In November 2008, when the U.S. elected Barack Obama, the country also made many important decisions regarding gay rights. Voters passed several ballot initiatives preventing LGBT equality, including Proposition 8, a same-sex marriage ban in California. While 52 percent of Californians voted in support of the gay marriage ban, a whopping 70 percent of African American Californians supported Proposition 8 (Edit: While CNN exit poll data suggested 70% support for Proposition 8 among African Americans, further analysis shows about 58% support). The lack of support for gay marriage from the African American community is certainly a cause for concern.
LGBT people are left wondering why a racial minority isn’t supporting a sexual minority in fighting for equality. But it’s a two-way street. If the LGBT community did more outreach to African Americans, I think we’d find much more support than we realize. Maybe the bigger problem is racism within the LGBT community, not homophobia within the African American community?
NAACP President Benjamin Jealous is a supporter of gay rights and discusses the many overlapping issues between racial minorities and the LGBT community. He points out that African Americans have worked alongside LGBT people for issues such as police brutality, employment discrimination, and hate crimes, which affect both groups. While there is no strong consensus among African Americans on the issue of gay marriage, the two groups share common ground on many other issues. The LGBT community could build connections by focusing on shared concerns between gay and black Americans.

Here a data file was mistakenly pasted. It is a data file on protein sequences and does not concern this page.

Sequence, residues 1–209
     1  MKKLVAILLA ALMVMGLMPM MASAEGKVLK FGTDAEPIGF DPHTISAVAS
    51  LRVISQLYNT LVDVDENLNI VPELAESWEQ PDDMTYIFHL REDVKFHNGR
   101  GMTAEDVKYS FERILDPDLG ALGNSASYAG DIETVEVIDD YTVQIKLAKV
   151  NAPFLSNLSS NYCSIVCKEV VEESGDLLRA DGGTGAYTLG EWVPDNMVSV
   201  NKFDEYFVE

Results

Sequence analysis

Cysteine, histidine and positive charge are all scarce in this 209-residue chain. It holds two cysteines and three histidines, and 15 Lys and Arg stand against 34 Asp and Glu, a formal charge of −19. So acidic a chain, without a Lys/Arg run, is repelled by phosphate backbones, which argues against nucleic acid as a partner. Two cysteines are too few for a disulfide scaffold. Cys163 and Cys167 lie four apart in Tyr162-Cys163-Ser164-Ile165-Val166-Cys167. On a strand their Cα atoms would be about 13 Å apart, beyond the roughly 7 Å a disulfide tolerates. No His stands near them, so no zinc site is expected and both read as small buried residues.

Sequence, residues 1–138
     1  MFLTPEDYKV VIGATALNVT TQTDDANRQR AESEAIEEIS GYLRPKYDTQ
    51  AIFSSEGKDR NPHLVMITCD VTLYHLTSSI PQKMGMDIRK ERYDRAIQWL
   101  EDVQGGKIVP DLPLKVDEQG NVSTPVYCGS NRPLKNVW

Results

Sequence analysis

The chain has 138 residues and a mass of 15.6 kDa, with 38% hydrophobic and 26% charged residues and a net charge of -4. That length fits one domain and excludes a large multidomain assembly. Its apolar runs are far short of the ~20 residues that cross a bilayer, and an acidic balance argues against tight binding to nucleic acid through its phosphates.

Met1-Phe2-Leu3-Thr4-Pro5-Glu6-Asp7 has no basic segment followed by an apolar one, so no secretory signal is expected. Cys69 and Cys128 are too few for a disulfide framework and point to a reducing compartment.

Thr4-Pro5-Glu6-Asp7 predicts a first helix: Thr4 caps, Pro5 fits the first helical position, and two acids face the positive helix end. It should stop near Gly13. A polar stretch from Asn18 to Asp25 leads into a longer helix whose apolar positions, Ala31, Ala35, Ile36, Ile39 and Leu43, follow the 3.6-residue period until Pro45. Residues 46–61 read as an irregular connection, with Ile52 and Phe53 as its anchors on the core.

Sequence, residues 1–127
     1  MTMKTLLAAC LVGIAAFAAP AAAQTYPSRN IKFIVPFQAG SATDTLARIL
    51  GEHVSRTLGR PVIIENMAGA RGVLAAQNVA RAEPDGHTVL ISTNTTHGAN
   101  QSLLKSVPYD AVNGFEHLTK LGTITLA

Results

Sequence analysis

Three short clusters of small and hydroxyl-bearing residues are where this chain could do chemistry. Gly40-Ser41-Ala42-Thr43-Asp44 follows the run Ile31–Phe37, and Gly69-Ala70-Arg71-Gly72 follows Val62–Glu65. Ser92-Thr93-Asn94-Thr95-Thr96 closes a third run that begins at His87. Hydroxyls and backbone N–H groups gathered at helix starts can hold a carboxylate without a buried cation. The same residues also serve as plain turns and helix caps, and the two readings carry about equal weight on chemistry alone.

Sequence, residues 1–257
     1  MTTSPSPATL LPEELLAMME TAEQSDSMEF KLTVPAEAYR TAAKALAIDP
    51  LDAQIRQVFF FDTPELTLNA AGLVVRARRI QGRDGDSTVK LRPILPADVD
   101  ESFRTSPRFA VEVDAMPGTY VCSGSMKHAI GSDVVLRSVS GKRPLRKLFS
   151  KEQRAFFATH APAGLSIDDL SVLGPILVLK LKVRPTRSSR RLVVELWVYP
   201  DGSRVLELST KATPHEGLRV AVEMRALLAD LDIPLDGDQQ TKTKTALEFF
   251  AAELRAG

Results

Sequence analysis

Let’s not forget, though, that there are many racial minorities who are themselves LGBT. In fact, LGBT rights are personal for Jealous because his own brother is gay. Not only does the LGBT community fail to put effort into gaining support from the African American community, but we don’t sufficiently address concerns from African Americans within the LGBT community.
The LGBT community has been accused of racism on several occasions. One study showed that the San Francisco gay community has a negative attitude toward gay African American men. Another study, by the Human Rights Campaign, reported that LGBT people of color feel that there is as much racism within the LGBT community as there is outside it.
The gay community is built on celebrating diversity and accepting people regardless of their sexual orientation or gender identity. Why, then, are people within the community pushing away possible supporters, just because they have a different skin color?
In order for a minority to win its rights, it has to have support from others. It’s time for us to join hands with racial minorities and fight together for equality. And it’s time for us to step up and work at building an ally, instead of throwing out accusations and attitude when we don’t get the support we want.
Photo credit: albany_tim